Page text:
(11)

in which denotes an Ising basis. Then the wave function can be shown to be real and satisfy the Marshall sign ruleSorella (); Li () for unfrustrated antiferromagnet, namely, the sign of is given by , with denoting the number of down spins in sublattice.

Although the mean field ansatz of the staggered flux phase has at least a gauge structure, it is still possible to construct a state with a trapped vison in the holes of a torus and check its orthogonality with the state with no trapped vison. Such a calculation has been done in previous studiesIvanov () and it was found that the overlap extrapolates to a finite value in the thermodynamic limit, indicating no topological degeneracy for the staggered flux phase. This result is claimed to be a strong support of the effective field theory argument. However, a later investigationLi () indicates that the Marshall sign rule satisfied by the staggered flux phase plays a more essential role in removing the topological degeneracy.

iii.5 E. Variational energy and spin structure factor

Both the short range and the long range spin correlation are seen to reach extreme at the uniform RVB state and the -flux phase. This is a result of the gauge equivalence between states with staggered flux and and that between states with staggered flux and , from which one can easily show that the spin correlation function should reach their extreme in the uniform RVB state and the -flux phase.

The correlation between spins on nearest neighboring sites, , which is proportional to the variational energy for the Heisenberg model on square lattice, is presented in Fig.5 as a function of . The optimal value for is found to be about . The variational energy reaches local maximum in both the uniform RVB state and the -flux phase.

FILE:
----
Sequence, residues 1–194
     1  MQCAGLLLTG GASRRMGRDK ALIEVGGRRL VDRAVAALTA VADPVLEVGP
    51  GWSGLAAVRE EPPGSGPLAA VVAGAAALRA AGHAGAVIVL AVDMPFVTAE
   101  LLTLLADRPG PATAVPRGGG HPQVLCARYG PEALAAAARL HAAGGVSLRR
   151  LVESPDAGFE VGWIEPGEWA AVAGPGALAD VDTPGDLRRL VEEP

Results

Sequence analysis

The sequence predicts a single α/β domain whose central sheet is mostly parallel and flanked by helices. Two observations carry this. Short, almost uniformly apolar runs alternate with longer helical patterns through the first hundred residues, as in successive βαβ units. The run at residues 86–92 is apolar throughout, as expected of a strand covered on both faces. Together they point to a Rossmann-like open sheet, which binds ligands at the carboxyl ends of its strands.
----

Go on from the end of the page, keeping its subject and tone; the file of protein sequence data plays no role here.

Figure 5: The variational energy per bond calculated for the Heisenberg model on square lattice as a function of . The calculation is done on a lattice with periodic-antiperiodic boundary condition. The error bars are smaller than the size of the symbols.

To probe the long range spin correlation, we have calculated the spin structure factor of the staggered flux phase. The spin structure factor peaks at the antiferromagnetic ordering wave vector . In Fig.6, we present the result for as a function of . The spin structure factor decrease monotonically with the staggered flux for . The small peak close to the uniform RVB state is a finite size effect and it moves toward the uniform RVB state with increasing lattice size and disappears in the thermodynamic limit.

In a recent workLi1 (), we have shown that the uniform RVB state on square lattice actually describe a state with antiferromagnetic long range order as a result of the nested spinon Fermi surface. The spin structure factor follows the behavior as a function of the linear scale of the lattice, . While in the -flux phase, is found to follow the behavior and no magnetic order is detected. In between the two extremes, the staggered flux has no magnetic long range order and the spin correlation function decay algebraically with distance with an exponent depending on the value of the staggered flux. Thus the uniform RVB state state on square lattice is an isolated singular point.

Figure 6: The spin structure factor at as a function of for the staggered flux phase on square lattice. The calculation is done on a lattice with periodic-antiperiodic boundary condition. The error bars are smaller than the size of the symbols.The red line denotes the mean field prediction, which is independent of .
Figure 7: The unit cell of the honeycomb lattice.

Iv IV. The chiral d-wave RVB state on honeycomb lattice

The chiral d-wave RVB state on honeycomb lattice is generated from the following BCS mean field ansatz

(12)

in which denotes sum over nearest neighboring sites on honeycomb lattice. denotes the pairing order parameter between site and . In the chiral d-wave RVB state, is a complex number and the phase of in the three directions differ with each other by (see Fig.1).

iv.1 A. Mean field description

The mean field Hamiltonian for the chiral d-wave state can be easily diagonalized in momentum space in which it takes the form

(13)

in which is a four component spinor given by . Here and are sublattice index. The matrix is given by

in which , . Here and are the two lattice translational vectors of the honeycomb lattice(see Fig.7).

The eigenvalues of the Hamiltonian are given by

(14)

in which .